When you're sick, you're weak.

When you're weak, you can't do as much--or perform as well--compared to when you're at full strength. While I was sick this past week, I was unable to do any routine scheduling, reading, calls, writing or... well, really much of anything. This is where the following lessons come into play; lessons that can ensure your company keeps on in your absence.

1. Disconnect

According to a Pew Research report, 84 percent of cellphone users claim they couldn't go a day without disconnecting. Unfortunately, when you're sick, you don't have the luxury of choice. Staring at a screen, no matter the size, for more than a minute or two cause aches.

I had to keep everything off--lights, TV, phone, you name it--just to keep the aches at bay. But after a day or two of peace and quiet, I started to feel better. A whole lot better.

Turns out researchers at Kansas State University have determined that disconnecting, despite the increasing difficulty, is paramount to our recovery and health. My recommendation to you then would be to pick a time and discipline yourself to turn everything off at that hour, same time everyday.

My recommendation? Use that time instead for reading under a warm light, quiet relaxation or 1:1 socializing with loved ones at the dinner table.

2. Delegate

When I was sick, I slowed down... but my business didn't.

I was able to save time and get more done by delegating the appropriate tasks down the line to my assistants; these are tasks that I plan on continuing to delegate even now that I'm back to good health. Delegation helps you save time, get more done and improve overall efficiency thanks to a more balanced workload.

Sick or not sick, try and delegate more. Using a service like Upwork.com, you can hire competent virtual assistants to help you with scheduling and administrative work.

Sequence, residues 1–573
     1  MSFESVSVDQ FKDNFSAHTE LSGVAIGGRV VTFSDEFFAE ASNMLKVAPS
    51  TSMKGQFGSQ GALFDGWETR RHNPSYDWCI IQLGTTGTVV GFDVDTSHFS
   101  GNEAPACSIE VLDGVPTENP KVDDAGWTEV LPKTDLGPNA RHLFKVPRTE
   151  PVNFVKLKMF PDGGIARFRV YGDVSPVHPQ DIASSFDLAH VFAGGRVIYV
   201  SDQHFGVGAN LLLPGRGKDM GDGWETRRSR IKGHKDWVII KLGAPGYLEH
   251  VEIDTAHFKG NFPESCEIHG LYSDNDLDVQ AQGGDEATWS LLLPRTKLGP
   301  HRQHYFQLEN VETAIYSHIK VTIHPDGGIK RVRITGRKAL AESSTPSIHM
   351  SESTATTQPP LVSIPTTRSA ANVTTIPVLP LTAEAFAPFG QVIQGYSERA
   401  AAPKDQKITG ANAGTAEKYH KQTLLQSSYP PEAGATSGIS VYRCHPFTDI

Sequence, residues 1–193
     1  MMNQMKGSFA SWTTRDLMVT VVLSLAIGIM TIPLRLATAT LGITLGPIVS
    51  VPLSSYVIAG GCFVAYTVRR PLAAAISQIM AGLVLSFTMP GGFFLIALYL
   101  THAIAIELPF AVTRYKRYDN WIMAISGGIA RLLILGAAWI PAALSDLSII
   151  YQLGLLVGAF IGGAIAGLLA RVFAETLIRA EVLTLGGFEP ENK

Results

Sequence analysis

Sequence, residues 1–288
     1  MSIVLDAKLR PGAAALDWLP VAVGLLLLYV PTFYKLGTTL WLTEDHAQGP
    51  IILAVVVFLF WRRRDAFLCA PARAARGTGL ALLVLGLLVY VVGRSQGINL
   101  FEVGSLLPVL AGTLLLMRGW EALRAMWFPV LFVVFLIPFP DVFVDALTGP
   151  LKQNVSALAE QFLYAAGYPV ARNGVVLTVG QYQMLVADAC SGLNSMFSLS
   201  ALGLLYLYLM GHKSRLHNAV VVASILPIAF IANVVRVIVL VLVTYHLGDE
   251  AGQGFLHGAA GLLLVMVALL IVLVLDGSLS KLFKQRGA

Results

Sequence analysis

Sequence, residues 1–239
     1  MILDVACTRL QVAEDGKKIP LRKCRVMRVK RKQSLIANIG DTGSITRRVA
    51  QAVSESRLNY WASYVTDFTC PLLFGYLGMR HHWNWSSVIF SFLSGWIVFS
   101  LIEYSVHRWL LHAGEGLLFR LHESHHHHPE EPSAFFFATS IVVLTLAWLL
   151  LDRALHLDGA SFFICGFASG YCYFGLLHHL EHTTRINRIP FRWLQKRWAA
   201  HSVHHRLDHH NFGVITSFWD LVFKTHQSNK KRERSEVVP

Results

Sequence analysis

3. Prioritize

When you're sick, focus becomes difficult. When your attention wanes quickly, it's paramount that you ration your focus and attention as much as possible, for the highest priority tasks. For me, that meant--in between rest--sending just a few emails to my top clients.

When you're at peak energy and strength, it's easy to get caught up in the rustle and bustle of work. But not all work is equal. While I was sick, I still managed to lock in several large contracts and cement a few burgeoning business relationships. But that's the thing: that's all I did.

We tend to associate quantity of time spent with quality of time spent. If you prioritize right though, you can spend a small amount of time on something and it still creates a large impact. Therefore, ask yourself: what are the highest priority--meaning highest impact--tasks you can tackle this week and how long will they take to complete, in total?

Brian J. Roberts is a writer and former custom jewelry entrepreneur. He now helps companies grow through media and content consulting. Connect with him on Twitter.

Published on: Aug 31, 2017